Search Engine Optimization (SEO) is changing. Along with the World is round, the fact that SEO is changing is a statement of the obvious. It will continue to evolve. Better to say it will “revolve” in that an SEO revolution is taking place.
SEOs that are written rife with keywords, and those that write them, are the MS-DOS version of the industry and will soon go the way of the five and a half inch floppy disk if they don’t catch up.
Specifically the three things we’ve learned for 2014 are:
Go Mobile or Go Home: If your SEO is not geared toward the mobile market then you are missing the fastest growing place to be. You’ve already invested in your “app” for the mobile world, then take the next step and get an SEO to find it. More than half the adult population in the civilized world have mobile Internet access and are searching “on the fly” using multiple operating platforms, and in order to reach these targets the SEO needs to recognize how Google, Yahoo and Bing find you on each platform.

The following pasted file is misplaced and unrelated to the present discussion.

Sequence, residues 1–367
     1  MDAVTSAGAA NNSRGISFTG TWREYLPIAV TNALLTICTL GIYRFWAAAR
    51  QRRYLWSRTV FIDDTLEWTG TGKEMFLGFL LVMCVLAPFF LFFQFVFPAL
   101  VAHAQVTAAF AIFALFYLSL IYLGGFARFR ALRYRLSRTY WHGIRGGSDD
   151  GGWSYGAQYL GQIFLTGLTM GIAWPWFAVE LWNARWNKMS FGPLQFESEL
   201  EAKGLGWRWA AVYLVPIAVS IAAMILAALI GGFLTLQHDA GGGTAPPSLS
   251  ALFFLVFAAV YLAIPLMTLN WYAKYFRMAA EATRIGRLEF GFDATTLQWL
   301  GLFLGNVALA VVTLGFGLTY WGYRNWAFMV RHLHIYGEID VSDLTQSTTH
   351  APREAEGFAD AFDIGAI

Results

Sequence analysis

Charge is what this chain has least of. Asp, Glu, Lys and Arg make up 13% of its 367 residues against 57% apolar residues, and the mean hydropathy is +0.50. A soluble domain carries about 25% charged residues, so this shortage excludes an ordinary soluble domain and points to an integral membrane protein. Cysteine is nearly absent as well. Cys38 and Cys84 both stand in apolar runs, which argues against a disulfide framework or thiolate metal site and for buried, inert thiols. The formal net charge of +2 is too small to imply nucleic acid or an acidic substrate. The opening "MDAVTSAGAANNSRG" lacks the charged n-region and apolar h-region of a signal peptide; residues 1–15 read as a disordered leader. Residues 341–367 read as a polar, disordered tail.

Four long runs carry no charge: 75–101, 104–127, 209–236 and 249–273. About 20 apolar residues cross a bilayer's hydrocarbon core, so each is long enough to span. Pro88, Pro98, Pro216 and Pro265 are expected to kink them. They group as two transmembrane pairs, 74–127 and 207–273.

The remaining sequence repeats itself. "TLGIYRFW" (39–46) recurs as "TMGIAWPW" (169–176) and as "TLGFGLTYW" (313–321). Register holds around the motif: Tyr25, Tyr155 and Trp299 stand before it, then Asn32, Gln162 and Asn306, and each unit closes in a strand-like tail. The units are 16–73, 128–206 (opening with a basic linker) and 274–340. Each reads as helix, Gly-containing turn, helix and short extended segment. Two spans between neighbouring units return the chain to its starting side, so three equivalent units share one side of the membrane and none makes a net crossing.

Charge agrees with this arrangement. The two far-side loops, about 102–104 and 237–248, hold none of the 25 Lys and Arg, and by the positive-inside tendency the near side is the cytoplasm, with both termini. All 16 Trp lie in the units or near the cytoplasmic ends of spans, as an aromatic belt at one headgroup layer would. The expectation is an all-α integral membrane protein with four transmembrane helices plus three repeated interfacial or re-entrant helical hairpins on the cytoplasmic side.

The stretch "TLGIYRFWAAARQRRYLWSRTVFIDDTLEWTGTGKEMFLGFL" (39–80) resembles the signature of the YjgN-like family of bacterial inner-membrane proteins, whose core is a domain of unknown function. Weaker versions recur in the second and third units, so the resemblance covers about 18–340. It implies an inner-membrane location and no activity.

Take a Deeper Dive: Google is taking the lead in its latest algorithms that return in-depth content. What that means is articles and blogs in the 2,000 to 5,000 word range are now more prominent in search results. For the SEO it means engaging even more creative talent in authoring original and in- depth subject matter. On top of that, if searchers are members of the Google community with Gmail, Google+ and other applications, Google will recognize you and return “tailored” results to your individual preferences from your profiles. These deeper dives from evolving search algorithms simply demand a more sophisticated SEO to provide the content that will land your site near the top. The lesson here is that if the SEO provider is still using keywords, well remember the five and a half inch floppy.
Connect the Dots: Microdata is the operative word (note I didn’t say “keyword”) here. The search algorithms among the big three (Google, Yahoo and Bing) scan initial search results for these “dots” of information to further filter results and return what the user is looking for. This is a fairly complicated array of site embedded links that help search engines find you. The site that has developed the Microdata insertions, or the language that translates human vocabulary to search engine readable language, is Schema.org. If your SEO provider is not versed in Microdata, then it could be time to send them to the land of the five and a half inch floppy.
The SEO world is changing. The World is round.